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Reviewed by:
  • Second Chances: Surviving AIDS in Uganda ed. by Susan Reynolds Whyte
  • Ruth J. Prince
Susan Reynolds Whyte, ed. Second Chances: Surviving AIDS in Uganda. Durham, N.C.: Duke University Press, 2014. xiv + 308 pp. Ill. $25.95 (978-0-8223-5808-4).

The HIV/AIDS epidemic has been exceptional, decimating lives and rupturing families, yet it has also, through both local initiatives and global circulations, produced transformation and new beginnings. This book, innovative in many ways, charts the experience of a generation of Ugandans at a particular historical juncture: the expansion of access to life-saving antiretroviral treatment (ART), during the first decade of the twenty-first century, from its beginnings in private fee-paying clinics or research projects to free programs, financed by the Global Fund and the President’s Emergency Plan for AIDS Relief (PEPFAR). The latter offered new forms of medicine and health care, albeit still within an uneven and unequal landscape of projects, programs, and partnerships between NGOs, research groups, and the Ugandan state. This “projectification” of care meant that the members of one family might be enrolled in different programs, each with different levels of care, a situation that created practical problems and complicated family lives.

Described as a “polygraph,” the book is based on two years of research conducted by a team of four Ugandan and four Danish anthropologists, who “coordinated closely to assemble one common body of material about a unique place and time in African history” (p. vii). Focused on “the first generation” of people living on ART—people who were the first to have “a second chance” at life—the aim is to “illuminate both the diversity and the historical uniqueness of a generation” (p. vii). Rather than situate its analysis in the concerns of global health programs, the book stays close to the concerns of the first generation and their struggles to stay on treatment amid everyday dramas of family life, relationships, and the insecurities of work and livelihoods. The book shows that life on ART is a social achievement and thus also deeply contingent. People’s therapeutic journeys [End Page 576] are intertwined with those of others, dependence and interdependence being fundamental modes of existence in Uganda.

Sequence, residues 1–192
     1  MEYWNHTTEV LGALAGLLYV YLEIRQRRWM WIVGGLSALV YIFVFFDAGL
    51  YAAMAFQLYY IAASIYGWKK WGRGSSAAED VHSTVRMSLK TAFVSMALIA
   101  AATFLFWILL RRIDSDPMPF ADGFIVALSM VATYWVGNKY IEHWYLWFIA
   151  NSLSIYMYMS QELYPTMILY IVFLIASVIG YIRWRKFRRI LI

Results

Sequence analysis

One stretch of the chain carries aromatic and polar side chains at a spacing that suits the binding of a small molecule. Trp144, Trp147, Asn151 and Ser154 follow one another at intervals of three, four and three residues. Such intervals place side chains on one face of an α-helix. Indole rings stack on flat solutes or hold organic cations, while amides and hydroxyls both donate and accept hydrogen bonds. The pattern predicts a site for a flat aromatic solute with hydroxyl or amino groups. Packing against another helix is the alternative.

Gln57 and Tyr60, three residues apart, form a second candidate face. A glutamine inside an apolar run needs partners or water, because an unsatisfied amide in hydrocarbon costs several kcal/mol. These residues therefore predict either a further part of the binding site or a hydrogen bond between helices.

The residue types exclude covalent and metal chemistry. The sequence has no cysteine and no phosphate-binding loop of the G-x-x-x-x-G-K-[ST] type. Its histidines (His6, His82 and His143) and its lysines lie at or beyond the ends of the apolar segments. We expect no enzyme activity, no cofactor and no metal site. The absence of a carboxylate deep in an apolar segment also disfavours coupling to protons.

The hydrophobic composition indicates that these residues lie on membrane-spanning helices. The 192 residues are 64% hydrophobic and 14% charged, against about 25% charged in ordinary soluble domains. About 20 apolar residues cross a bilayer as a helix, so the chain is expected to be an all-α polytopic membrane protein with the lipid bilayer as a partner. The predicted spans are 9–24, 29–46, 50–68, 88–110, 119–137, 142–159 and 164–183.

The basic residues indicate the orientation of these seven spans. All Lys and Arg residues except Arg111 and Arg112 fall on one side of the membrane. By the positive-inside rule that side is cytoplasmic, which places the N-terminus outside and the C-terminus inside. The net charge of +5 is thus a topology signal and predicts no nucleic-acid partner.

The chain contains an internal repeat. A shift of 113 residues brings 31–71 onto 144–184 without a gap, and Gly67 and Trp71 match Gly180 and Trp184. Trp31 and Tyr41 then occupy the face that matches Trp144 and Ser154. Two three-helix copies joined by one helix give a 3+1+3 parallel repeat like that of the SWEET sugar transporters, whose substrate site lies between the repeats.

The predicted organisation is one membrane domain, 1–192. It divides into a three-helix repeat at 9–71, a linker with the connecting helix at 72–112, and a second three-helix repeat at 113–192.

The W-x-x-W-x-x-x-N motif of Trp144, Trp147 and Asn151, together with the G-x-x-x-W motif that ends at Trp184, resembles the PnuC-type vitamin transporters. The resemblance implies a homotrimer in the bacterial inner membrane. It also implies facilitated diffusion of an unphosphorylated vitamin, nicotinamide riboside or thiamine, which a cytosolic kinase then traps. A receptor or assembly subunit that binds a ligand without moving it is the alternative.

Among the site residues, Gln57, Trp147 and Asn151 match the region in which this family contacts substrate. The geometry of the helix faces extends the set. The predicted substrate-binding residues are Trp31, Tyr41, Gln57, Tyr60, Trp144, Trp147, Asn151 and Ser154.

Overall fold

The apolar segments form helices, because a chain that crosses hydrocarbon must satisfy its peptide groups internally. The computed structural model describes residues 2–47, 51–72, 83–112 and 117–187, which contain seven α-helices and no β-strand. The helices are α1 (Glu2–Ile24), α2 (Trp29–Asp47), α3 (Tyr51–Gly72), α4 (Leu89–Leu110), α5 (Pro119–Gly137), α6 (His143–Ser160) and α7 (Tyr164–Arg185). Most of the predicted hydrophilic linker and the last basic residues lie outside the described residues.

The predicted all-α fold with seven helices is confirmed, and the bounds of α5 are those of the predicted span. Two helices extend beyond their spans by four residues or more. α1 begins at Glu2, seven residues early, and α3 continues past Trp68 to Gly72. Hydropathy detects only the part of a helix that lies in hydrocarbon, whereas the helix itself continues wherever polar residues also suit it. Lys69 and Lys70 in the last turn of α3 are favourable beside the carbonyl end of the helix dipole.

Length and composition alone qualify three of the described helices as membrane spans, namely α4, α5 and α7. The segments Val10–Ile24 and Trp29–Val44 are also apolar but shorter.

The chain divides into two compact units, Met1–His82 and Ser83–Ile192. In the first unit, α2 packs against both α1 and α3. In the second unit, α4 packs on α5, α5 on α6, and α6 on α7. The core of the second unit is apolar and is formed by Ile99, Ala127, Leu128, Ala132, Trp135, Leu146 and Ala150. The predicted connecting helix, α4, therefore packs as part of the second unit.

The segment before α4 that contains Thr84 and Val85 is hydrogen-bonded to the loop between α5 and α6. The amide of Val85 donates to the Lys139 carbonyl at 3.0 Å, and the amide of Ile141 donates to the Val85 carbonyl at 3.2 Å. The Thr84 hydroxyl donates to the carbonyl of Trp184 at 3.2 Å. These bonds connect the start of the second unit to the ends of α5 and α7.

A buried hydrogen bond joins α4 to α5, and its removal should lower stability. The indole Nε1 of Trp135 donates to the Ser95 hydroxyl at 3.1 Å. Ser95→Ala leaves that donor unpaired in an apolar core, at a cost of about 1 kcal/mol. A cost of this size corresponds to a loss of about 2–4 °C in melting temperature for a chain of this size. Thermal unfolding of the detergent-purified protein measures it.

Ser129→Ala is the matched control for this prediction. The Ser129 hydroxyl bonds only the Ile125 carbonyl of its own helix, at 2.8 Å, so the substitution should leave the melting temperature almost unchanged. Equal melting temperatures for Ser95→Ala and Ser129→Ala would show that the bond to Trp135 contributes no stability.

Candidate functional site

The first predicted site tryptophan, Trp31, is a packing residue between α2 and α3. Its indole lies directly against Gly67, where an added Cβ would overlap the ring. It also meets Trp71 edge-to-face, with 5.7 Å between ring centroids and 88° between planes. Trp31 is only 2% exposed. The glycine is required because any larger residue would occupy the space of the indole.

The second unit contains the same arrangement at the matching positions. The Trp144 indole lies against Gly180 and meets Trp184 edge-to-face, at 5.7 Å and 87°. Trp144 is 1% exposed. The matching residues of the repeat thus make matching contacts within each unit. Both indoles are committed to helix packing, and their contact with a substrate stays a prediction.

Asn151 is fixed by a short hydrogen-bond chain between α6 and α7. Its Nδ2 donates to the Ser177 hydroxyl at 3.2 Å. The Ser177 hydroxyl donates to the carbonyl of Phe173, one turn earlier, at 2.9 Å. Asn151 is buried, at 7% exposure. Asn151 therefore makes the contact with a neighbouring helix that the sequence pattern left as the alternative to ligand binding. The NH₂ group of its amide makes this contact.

Concerned to “preserve the integrity and situatedness of persons” (p. viii), the authors build up the book around eleven personal accounts, which form its main “cases.” Each story highlights a particular theme—connections, “therapeutic clientship,” mobility, families, partners, children, work, food, bodies, medicines, and “life.” The chapters also draw upon the experiences of a further thirty-seven people living on ART, chosen from different treatment sites in rural and urban Uganda and from different backgrounds and livelihoods. These interlocutors were visited and interviewed in an open format, with the interviewer taking extensive notes but not using a recorder, producing life stories and conversations about everyday lives.

Three innovations underline the originality of the book. First, the authors’ concept of “therapeutic clientship” moves anthropology beyond its love affair with “therapeutic citizenship,” the global shifts in access to ART, and the actors and activists who are able to negotiate these landscapes, to the local moral economies, social relations, and patterns of dependence in which ART is embedded in Uganda. ART programs were innovative, the authors argue, because they introduced a form of health care based on long-term transactions and a contract between provider and patient in which the latter became “clients.” Paperwork and files are crucial materials in this process. Health workers and patients approach access to and treatment at the HIV clinics as a hierarchical relationship of patron and client, which is infused with expectations, obligations, entitlements and duties. The unevenness and “projectification” of ART programs encouraged this pattern of clientship. When a patient is enrolled in a program and demonstrates “compliance,” she becomes “their person.” Rather than analyze this relationship in terms of discipline and biopower, the authors explain why Ugandans were generally appreciative of these forms of sustained care.

A second achievement is the “situatedness” of the accounts about ART that appear in the book. The focus on patients’ lives rather than clinical encounters reveals the larger social and historical context, concerning kinship, family, work, class, and identity...


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pp. 576-578
Launched on MUSE
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